Oil prices reached a record $75.40 a barrel in New York trading yesterday in response to rising tensions with North Korea, and some traders predicted that crude will hit $80 before the end of the year.
The sharply higher crude costs put pressure on pump prices in the thick of the U.S. summer-vacation season, with surveys showing that high fuel prices are not prompting Americans to cut back on driving or cross-country travel.
The unrelenting demand for oil in the U.S. and Asia and the nuclear standoff with Iran forced up oil prices even before North Korea pushed them into record territory by test-firing missiles during the U.S. Independence Day holiday.
Thomas Bentz, a BNP Paribas Commodity Futures broker, said the “fireworks” over North Korea, which is not a major producer or consumer of oil, shows how sensitive oil prices are in a tensely divided world. “The market just always seems to react to any political unrest.”
Analysts expect pump prices to rise quickly in the coming days, tracking the sharp run-up in oil prices since June 20. After breaking through the previous record of $75.35 around noon yesterday, contracts for delivery of premium crude in August settled at $75.19 on the New York Mercantile Exchange, a $5 jump in the past two weeks.
Nationwide, the average price of regular gas spiked to $2.94 a gallon yesterday from $2.89 a week ago, according to GasBuddy.com. In the Washington area, where gas prices are higher because most fuel is delivered by pipeline from distant Gulf Coast states, gas cost $3.04 on average, up from $3 last week.
T. Boone Pickens, a longtime oilman and operator of an influential energy hedge fund, yesterday told CNBC that persistent geopolitical tensions and strong demand have put oil prices on track to reach $80 a barrel by the end of the year.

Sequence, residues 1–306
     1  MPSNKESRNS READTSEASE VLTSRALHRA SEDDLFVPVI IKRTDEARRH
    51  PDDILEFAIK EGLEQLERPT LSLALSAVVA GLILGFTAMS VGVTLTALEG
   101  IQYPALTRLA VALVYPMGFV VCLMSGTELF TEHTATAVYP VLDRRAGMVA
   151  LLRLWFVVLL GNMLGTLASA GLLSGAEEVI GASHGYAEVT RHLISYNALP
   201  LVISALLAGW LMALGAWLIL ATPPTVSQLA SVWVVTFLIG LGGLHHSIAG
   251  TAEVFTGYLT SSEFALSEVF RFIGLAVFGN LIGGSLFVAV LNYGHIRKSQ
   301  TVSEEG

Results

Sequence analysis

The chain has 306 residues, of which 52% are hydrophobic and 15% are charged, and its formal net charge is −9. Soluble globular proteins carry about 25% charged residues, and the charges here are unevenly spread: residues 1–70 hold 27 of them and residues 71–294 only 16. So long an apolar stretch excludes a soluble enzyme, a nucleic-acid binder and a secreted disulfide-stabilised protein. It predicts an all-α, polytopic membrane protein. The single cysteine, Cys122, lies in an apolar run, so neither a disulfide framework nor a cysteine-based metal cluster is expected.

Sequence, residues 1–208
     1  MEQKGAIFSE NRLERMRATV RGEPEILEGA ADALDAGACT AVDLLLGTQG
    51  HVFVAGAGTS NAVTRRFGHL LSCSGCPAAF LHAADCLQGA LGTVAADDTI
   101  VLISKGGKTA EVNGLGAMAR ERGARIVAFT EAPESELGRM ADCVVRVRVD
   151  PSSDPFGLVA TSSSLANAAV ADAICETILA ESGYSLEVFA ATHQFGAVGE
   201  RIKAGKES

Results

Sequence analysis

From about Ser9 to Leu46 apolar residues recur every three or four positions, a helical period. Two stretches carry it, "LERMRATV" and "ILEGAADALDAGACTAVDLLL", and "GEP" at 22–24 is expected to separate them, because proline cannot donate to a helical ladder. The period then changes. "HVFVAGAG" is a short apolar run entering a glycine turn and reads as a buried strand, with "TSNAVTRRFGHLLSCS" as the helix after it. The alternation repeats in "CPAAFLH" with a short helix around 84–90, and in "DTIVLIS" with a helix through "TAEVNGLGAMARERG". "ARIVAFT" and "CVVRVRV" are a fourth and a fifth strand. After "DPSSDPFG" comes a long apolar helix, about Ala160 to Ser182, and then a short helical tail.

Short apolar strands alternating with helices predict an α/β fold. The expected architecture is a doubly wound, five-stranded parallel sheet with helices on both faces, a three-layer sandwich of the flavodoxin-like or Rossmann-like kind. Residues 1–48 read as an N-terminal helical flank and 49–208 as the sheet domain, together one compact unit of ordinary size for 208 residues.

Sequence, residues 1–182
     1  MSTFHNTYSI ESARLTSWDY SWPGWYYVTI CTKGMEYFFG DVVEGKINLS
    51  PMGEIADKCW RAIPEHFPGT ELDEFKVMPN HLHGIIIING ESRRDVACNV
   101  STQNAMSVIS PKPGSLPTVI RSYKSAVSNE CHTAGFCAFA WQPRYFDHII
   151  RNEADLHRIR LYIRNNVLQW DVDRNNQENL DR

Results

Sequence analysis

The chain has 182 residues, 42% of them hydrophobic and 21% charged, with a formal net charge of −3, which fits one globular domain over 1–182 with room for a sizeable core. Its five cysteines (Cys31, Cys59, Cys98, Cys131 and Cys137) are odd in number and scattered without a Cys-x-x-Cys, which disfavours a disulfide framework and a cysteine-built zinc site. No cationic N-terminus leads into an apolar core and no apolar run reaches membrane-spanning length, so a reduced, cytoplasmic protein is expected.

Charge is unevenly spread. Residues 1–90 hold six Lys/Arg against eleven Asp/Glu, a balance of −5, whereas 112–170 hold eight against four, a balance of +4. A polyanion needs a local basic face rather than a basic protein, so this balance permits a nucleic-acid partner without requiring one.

Other analysts expect oil prices to stay in the mid-$70 range, or decline modestly to the $60 range if tensions with Iran ease and U.S. economic growth slows substantially.
U.S. consumers have grumbled about high prices but have not stopped gulping gas at prodigious rates, although they are showing a preference for smaller, more efficient vehicles when they shop for cars.
“In the short term, you are stuck,” said Jason Schenker, economist at Wachovia Corp. People must use their cars to get to work, and they cannot immediately buy new cars or change jobs to shorten their commutes or reduce their fuel expenses, he said.
Over the long term, consumers will make fuel-saving adjustments. In the meantime, they have opted to keep spending on gas while cutting back on more discretionary purchases, such as restaurant meals, entertainment and clothing, he said.
“Consumers refuse, with somewhat justifiable imprudence, not to forgo their summer vacations over the matter of 50 cents a gallon,” Mr. Schenker said.
However, more consumers are trying to unload the millions of large sport utility vehicles (SUV) they purchased in recent years, according to Cars.com, a Web site that reports that postings of large SUVs for sale have increased 14 percent since March. That was when gas prices spiked toward $3 a gallon after a winter lull.
But Mr. Schenker said Americans still prefer SUVs over cars. They simply are going for more fuel-efficient models.
“Cars have yet to retake the majority of light-vehicle sales in any month since 2001,” he said.